More about ‘Mascara’ lettuce here
Fiskars, makers of the famous orange-handled crafting scissors and assorted gardening pruners, among other things (turns out they make boats too. o-kay), recently sent me their Power Stroke Telescoping Pruning Stik 12-Foot Tree Pruner as a solution to a problem we’ve been having at the community garden with weed trees taking over and throwing shade onto what were previously sunny plots, mine included.
I just need to hold for a moment here to say, Ummm… Power Stroke? Really? They make it too easy.
Back to the garden. Over the years, we’ve tried managing the problem with shorter tree loppers, even going so far as to send my brother up into the trees to cut some branches out. The trouble is that getting up into the trees to get at the tall growth at the top is becoming increasingly difficult, if not dangerous. We don’t have a tall ladder, and even if we did how would we transport it from our home to the garden short of marching through the neighborhood with it strapped to our backs? Completely impractical, if not a little bit strange.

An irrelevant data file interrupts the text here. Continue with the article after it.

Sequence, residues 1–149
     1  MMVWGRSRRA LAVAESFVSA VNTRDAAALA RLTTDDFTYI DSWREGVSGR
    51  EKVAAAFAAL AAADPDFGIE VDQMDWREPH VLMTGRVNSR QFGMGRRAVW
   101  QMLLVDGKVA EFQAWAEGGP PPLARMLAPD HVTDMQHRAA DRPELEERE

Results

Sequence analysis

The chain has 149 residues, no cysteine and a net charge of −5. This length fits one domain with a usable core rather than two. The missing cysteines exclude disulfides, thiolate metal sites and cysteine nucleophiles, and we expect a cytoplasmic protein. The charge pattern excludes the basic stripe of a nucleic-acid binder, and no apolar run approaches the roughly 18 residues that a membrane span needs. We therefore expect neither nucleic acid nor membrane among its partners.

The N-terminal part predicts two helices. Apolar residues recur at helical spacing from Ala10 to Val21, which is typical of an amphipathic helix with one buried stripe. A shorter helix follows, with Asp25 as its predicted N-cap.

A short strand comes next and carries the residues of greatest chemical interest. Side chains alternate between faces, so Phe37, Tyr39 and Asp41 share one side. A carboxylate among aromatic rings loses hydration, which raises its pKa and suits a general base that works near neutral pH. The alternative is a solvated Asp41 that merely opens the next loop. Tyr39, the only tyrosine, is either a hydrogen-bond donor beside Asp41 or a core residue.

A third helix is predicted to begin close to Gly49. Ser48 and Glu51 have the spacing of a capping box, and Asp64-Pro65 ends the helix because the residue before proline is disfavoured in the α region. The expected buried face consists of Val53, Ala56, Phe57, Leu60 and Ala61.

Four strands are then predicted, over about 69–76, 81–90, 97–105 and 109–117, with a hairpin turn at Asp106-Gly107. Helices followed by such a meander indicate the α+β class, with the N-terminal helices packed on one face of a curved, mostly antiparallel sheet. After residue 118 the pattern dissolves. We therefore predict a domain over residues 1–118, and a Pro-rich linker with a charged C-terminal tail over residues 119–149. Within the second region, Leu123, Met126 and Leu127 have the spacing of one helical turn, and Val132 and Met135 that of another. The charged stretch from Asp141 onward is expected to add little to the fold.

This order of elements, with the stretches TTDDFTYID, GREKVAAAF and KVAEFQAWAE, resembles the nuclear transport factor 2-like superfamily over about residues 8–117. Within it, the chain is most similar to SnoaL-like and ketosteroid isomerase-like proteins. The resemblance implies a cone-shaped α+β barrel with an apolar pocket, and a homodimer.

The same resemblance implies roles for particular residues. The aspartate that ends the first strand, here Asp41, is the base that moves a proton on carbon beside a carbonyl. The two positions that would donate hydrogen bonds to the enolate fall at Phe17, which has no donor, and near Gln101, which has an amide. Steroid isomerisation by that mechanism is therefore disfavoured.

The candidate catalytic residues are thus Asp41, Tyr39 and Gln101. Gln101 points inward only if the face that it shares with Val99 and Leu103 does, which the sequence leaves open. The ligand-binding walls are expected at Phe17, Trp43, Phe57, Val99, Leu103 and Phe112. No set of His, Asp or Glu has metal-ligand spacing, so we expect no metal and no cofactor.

This is where the pruners come in. As an urban gardener I find that I can generally get away with owning only a small handful of tools, so it came as a surprise to discover that I actually NEEDED a gigantic tool like this one. They’re looooong — 12 feet in fact and an ample length required to reach the offending branches.